New to the CAZy classification? Read this first.
Want to learn more about CAZypedia? Read the CAZypedia 10th anniversary article in Glycobiology.
Glycoside Hydrolase Family 65
Responsible Curator as essentially complete. CAZypedia is a living document, so further improvement of this page is still possible. If you would like to suggest an addition or correction, please contact the page's Responsible Curator directly by e-mail.
|Glycoside Hydrolase Family GH65|
|Active site residues||known|
|CAZy DB link|
Glycoside hydrolases belonging to GH65 act on substrates containing α-glucosidic linkages. GH65 contains mainly phosphorylases; maltose (Glc-α-1,4-Glc) phosphorylase (EC 18.104.22.168), trehalose (Glc-α1,α1-Glc) phosphorylase (EC 22.214.171.124), kojibiose (Glc-α-1,2-Glc) phosphorylase (EC 126.96.36.199), and trehalose 6-phosphate (Glc-α1,α1-Glc6P) phosphorylase (EC 2.4.1.-). Noticeably α,α-trehalases (EC 188.8.131.52), a hydrolase, are also GH65 members.
Kinetics and Mechanism
Phosphorolysis by GH65 enzymes proceeds with inversion of anomeric configuration, as first shown by Fitting and Doudoroff  using maltose phosphorylase from Neisseria meningitidis, i.e. maltose + Pi ↔ β-glucose 1-phosphate + glucose. The reaction mechanism for inverting GH65 phosphorylase has been proposed to be similar to a general acid/base-catalysed one-step displacement mechanism for inverting glycoside hydrolases . This mechanism was first proposed for inverting GH94 phosphorylases (previously classified into glycoside transferase family 36) , and involves direct nucleophilic attack by phosphate on the anomeric C1 carbon assisted by general acid catalysis involving protonation of the glycosidic oxygen. In this mechanism phosphate is the nucleophile, instead of a water molecule activated by a general base catalyst in inverting glycoside hydrolases. The inverting phosphorolysis catalyzed by GH65 enzyme is reversible, which confers the phosphorylase with a capacity to effectively synthesize various α-glucosides from β-glucose 1-phosphate as donor and acceptor molecules. Noticeably β-glucosyl fluoride can be used as donor in the synthetic reaction instead of the β-glucose 1-phosphate .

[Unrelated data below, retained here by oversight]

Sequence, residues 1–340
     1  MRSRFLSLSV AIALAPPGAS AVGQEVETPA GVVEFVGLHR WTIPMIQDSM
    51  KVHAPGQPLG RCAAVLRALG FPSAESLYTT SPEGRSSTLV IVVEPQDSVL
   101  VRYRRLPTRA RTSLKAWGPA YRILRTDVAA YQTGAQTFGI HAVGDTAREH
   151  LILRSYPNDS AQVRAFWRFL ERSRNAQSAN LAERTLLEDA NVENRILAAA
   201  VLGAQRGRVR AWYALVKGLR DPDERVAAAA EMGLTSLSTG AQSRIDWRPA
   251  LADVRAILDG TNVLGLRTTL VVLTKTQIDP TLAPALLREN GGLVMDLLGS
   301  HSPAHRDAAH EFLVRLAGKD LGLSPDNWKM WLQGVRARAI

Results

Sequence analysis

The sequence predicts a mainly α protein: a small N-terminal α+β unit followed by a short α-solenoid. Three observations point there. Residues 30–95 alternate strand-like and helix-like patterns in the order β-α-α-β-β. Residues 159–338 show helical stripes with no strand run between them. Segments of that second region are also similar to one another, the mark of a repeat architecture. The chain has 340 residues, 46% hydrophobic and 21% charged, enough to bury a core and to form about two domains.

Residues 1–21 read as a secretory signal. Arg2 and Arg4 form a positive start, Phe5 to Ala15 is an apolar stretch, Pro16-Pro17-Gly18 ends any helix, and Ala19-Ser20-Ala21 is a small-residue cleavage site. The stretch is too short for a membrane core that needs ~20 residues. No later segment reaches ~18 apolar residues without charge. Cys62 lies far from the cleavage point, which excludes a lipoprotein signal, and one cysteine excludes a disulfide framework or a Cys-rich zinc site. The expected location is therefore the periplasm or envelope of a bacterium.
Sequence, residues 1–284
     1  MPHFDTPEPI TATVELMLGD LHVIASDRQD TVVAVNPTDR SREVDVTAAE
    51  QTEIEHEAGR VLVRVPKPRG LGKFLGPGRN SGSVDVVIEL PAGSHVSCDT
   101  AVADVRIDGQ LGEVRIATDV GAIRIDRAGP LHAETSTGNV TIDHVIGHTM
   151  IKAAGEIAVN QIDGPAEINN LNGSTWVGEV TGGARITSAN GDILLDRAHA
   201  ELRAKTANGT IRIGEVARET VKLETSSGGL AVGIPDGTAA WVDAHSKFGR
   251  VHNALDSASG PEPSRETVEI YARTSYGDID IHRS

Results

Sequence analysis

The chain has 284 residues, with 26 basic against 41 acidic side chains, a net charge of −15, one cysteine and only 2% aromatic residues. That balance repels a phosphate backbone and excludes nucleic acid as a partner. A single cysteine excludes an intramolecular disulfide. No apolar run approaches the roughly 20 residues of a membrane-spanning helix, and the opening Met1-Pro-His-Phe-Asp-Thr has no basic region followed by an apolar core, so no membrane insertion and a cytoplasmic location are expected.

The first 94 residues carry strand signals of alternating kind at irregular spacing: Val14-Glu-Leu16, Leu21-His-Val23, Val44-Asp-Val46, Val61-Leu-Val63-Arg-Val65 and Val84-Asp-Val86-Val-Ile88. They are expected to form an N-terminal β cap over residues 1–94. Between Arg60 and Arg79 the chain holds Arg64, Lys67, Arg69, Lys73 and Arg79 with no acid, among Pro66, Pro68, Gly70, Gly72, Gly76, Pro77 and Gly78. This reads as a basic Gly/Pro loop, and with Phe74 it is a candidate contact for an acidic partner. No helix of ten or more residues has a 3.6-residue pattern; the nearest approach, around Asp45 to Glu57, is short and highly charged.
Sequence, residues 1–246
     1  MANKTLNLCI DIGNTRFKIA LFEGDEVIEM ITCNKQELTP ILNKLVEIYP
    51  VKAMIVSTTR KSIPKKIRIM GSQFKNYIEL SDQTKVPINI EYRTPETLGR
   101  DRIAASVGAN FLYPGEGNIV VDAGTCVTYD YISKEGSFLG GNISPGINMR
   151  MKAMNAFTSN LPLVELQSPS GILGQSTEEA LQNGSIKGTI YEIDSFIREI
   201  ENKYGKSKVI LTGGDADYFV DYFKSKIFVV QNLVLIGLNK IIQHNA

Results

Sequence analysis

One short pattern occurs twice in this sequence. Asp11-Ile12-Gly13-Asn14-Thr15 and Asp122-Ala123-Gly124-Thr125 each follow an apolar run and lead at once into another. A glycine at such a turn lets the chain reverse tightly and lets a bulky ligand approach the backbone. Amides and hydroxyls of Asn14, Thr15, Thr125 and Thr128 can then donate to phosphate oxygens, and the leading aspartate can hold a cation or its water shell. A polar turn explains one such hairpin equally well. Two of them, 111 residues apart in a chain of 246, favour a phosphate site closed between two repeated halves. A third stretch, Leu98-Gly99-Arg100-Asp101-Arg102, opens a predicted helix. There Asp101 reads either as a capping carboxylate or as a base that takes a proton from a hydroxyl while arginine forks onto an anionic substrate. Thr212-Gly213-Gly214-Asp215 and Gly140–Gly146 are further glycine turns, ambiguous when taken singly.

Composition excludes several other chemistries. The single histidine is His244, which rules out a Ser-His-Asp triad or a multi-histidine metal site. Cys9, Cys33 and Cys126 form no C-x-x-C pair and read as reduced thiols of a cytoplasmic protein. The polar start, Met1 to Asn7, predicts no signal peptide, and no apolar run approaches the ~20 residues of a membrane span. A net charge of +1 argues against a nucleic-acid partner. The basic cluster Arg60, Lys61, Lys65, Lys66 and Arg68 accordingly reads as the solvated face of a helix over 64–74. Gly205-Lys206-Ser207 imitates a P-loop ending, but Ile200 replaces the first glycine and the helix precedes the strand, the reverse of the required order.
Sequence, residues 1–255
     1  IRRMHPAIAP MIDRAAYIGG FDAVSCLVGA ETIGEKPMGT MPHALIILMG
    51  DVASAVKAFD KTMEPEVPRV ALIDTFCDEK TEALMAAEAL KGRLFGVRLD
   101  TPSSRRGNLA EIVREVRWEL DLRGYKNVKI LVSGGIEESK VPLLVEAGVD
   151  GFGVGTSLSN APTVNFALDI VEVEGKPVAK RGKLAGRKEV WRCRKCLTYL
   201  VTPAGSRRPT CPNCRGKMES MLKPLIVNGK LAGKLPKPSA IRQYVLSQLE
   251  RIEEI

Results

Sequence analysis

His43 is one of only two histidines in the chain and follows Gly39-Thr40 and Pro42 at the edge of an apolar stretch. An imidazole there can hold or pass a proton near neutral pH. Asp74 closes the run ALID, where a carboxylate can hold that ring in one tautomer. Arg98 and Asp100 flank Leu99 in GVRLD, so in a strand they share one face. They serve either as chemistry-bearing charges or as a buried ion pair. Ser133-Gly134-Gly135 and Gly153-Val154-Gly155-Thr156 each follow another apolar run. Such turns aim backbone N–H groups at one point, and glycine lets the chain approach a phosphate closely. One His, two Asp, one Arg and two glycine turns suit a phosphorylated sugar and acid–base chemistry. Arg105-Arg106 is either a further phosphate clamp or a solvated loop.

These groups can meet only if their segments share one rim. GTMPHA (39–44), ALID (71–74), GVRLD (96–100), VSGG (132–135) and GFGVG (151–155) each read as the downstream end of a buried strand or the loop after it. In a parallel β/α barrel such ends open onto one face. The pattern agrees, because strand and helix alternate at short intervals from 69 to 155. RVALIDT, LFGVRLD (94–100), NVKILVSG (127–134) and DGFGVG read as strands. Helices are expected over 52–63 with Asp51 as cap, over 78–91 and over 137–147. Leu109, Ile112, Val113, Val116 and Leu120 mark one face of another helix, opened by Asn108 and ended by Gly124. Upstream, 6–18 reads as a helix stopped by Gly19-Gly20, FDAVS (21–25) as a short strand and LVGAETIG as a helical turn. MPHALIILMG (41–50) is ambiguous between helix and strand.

The general acid catalyst was first predicted by superimposing the active site structure of maltose phosphorylase from Lactobacillus brevis  with a catalytic (α/α)6 barrel domain of GH15 glucoamylase (EC 184.108.40.206) from Aspergillus awamori . Considering the similarities of the active site structure, Glu487 of L. brevis maltose phosphorylase was estimated as the general acid. Additionally it had been proved by site-direct mutagenesis on Glu487 of Paenibacillus sp. maltose phosphorylase , which corresponds to the Glu487 of L. brevis maltose phosphorylase.
The three-dimensional structure of L. brevis maltose phosphorylase (PDB ID 1h54) was determined  and shows similarities with the (α/α)6 barrel fold of GH15 glucoamylase (EC 220.127.116.11) , GH94 cellobiose phosphorylase (EC 18.104.22.168) , and GH94 chitobiose phosphorylase (EC 2.4.1.-) . GH15 and GH65 together constitute glycoside hydrolase clan L .
- First stereochemistry determination
- maltose phosphorylase (EC 22.214.171.124) from Neisseria meningitidis .
- First sequence identification
- maltose phosphorylase (EC 126.96.36.199) from Lactobacillus sanfranciscensis DSM 20451T 
- trehalose phosphorylase (EC 188.8.131.52) from Thermoanaerobacter brockii ATCC 35047 
- kojibiose phosphorylase (EC 184.108.40.206) from Thermoanaerobacter brockii ATCC 35047 
- trehalose 6-phosphate phosphorylase (EC 2.4.1.-) from Lactococcus lactis ssp. lactis 19435 
- α,α-trehalase (EC 220.127.116.11) from Saccharomyces cerevisiae S288C .
- First general acid residue identification